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Home Forums CSS Sass Best Practices – Nesting more than 3 levels deep

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    I am currently building a web component using sass. I am have used sass for a bit, but am really trying to make an effort to make follow best practices and write solid css code.

    I have setup a codepen for this. You can see in my sass comments that I am getting 6 levels deep, one thing Chris says not to do in his Sass Style Guide.

    An especially problematic element is when you get into the unordered list. When I use lists I almost always require 3 levels of nesting.

    I am trying to keep the css for this component very specific the so css can be included in any site without causing conflict and without any required overrides.

    I would appreciate any tips/suggestions to help me with future sassing!


    I also TRY not to get more than 3 levels deep, but sometimes I can’t avoid it without being overly unspecific. Indeed it happens most with unordered lists.

    While I’m sure it’s possible to stick to the “no more than 3”-rule, in some cases I ignore it because my Sass file is so nicely structured, and to break out of that structure (just for the sake of not getting a 4-level nesting declaration) is a little too much for me.

    You’ll see many 4-level (or higher) declarations everywhere in (post-Sass) CSS files, I’d say the 3-level rule is a guideline, not a law. I mean, is this really that bad?

    footer .main a {color:#ff00ff;}
    footer .main ul li a {color:#ff0000;}  /* oh no, 5 levels! */

    I don’t think it’s that awful — the best I could do there is 4 levels deep anyway. All in all, trying to limit your nesting is probably just because it’s sometimes very easy/tempting to go way over the top.

        .wrapper {
            footer {
                .main {
                        fieldset {
                            input {

    That’s what I did at first because it so nicely represented my site structure. Of course, this could probably have sufficed:

    footer {
        input {

    Anyway. I guess, don’t nest just because it looks nice in your Sass. Or something.


    I definitely don’t like nesting more than three levels. Usually I reserve that 3rd level for pseudo elements and states (:before, :hover, etc).

    I prefer using better classnames so I don’t need to nest that much.

    In your Codepen example, why does .setting need to be nested? Does it require being under .easy-reader in order for its styles to apply?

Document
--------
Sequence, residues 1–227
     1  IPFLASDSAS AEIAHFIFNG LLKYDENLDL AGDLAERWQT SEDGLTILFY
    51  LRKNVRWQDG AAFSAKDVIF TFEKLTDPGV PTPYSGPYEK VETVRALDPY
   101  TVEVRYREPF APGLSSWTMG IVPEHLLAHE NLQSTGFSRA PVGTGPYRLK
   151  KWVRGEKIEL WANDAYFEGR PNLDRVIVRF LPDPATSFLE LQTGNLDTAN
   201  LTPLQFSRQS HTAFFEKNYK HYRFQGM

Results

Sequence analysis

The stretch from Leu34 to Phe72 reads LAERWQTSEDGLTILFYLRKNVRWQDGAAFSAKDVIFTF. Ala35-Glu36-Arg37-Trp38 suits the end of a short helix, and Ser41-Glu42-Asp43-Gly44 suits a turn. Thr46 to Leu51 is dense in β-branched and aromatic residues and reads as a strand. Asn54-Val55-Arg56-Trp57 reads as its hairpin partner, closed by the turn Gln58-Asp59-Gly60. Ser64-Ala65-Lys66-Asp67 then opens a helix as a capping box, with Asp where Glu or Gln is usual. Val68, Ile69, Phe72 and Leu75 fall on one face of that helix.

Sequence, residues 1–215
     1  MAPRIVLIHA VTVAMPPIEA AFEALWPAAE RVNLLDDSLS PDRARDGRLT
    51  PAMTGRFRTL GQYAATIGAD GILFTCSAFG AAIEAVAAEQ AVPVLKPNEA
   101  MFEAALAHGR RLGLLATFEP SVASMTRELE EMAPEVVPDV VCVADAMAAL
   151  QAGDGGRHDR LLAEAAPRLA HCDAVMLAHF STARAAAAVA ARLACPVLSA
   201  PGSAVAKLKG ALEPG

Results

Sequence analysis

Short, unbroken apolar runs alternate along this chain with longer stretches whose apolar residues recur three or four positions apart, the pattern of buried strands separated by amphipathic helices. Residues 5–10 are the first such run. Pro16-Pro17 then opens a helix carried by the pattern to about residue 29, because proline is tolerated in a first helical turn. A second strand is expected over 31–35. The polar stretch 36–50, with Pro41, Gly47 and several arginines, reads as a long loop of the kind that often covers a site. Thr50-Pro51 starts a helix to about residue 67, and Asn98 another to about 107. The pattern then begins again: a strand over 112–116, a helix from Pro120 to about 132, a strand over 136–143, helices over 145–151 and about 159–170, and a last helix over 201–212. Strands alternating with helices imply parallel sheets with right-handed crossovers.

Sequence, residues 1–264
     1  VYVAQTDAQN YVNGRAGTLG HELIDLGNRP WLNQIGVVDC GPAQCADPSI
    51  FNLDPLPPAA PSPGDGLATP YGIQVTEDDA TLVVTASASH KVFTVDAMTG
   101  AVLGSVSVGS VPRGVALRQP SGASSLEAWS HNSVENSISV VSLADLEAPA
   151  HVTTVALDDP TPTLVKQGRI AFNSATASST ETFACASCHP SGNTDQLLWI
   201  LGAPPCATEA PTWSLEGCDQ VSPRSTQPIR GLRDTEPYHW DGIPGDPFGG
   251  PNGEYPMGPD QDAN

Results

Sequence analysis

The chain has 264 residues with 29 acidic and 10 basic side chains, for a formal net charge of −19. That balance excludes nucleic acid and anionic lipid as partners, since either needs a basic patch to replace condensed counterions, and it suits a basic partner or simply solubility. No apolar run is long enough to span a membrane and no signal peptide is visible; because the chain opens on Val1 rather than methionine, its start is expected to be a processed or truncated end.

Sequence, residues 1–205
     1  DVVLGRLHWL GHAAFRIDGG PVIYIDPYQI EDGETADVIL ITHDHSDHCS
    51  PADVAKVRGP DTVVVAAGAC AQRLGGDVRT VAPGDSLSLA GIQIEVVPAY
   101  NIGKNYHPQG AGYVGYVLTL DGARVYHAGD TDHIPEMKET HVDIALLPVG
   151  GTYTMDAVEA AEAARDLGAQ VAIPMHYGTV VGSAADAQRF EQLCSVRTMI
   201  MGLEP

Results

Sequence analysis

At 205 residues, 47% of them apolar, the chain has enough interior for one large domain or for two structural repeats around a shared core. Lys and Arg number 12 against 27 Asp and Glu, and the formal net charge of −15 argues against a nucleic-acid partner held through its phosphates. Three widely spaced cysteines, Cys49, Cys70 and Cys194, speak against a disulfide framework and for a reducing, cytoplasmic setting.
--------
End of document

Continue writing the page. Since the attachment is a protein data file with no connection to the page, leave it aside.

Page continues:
If you’re worried about a class of .setting being used elsewhere and you don’t want to share those values you could use a more specific class like .easy-reader-setting.


    @TheDoc Thanks I think I either under thought this or overthought this . But I am going to take your advice with something like .easy-reader-setting. This really is a smaller component of my larger .easy-reader. Thanks for straightening me out.


    @Senff Thanks comments for well. Your are right, sometimes you need to break the guidelines for something like a unordered list, but lets ill try to avoid more than 3 levels if possible!


    Why exactly is it bad to nest more than 3 levels deep? I find it incredibly useful and haven’t run in to any issues so far


    As I understand it, it’s because it can make your code hard to read from someone coming into it cold.

    Also, it tends to make really complicated and overly specific selectors.

    The SASS people tell you why


    That makes sense, I’m not sure I agree with the argument on the sassway that it majorly affects rendering performance though?

    I only deep nest things from time to time and find it being overly specific really useful but equally useful is CSS’s cascading property.


    Long selectors won’t (significantly) affect your site’s performance in most cases, as browsers read the selectors from right to left (see: Only if you’d use general selectors all the time, there could be a measurable difference (e.g. div > * > * > * > * > * {…} – but who does that?)

    IMO nesting selectors is no problem at all, if
    – you’re the only one editing the styles OR
    – you have consistent naming conventions (and a different developer therefore knows from the used class-names where and how to edit/extend the targeted component) OR
    – you’re using sourcemaps (and when clicking on such an xl-sized selector, you get to the source scss/less-file)

    One disadvantage remains, however: If you change the order of your html, you’ll probably need to adjust the scss/less-file as well – but usually that’s necessary anyway.

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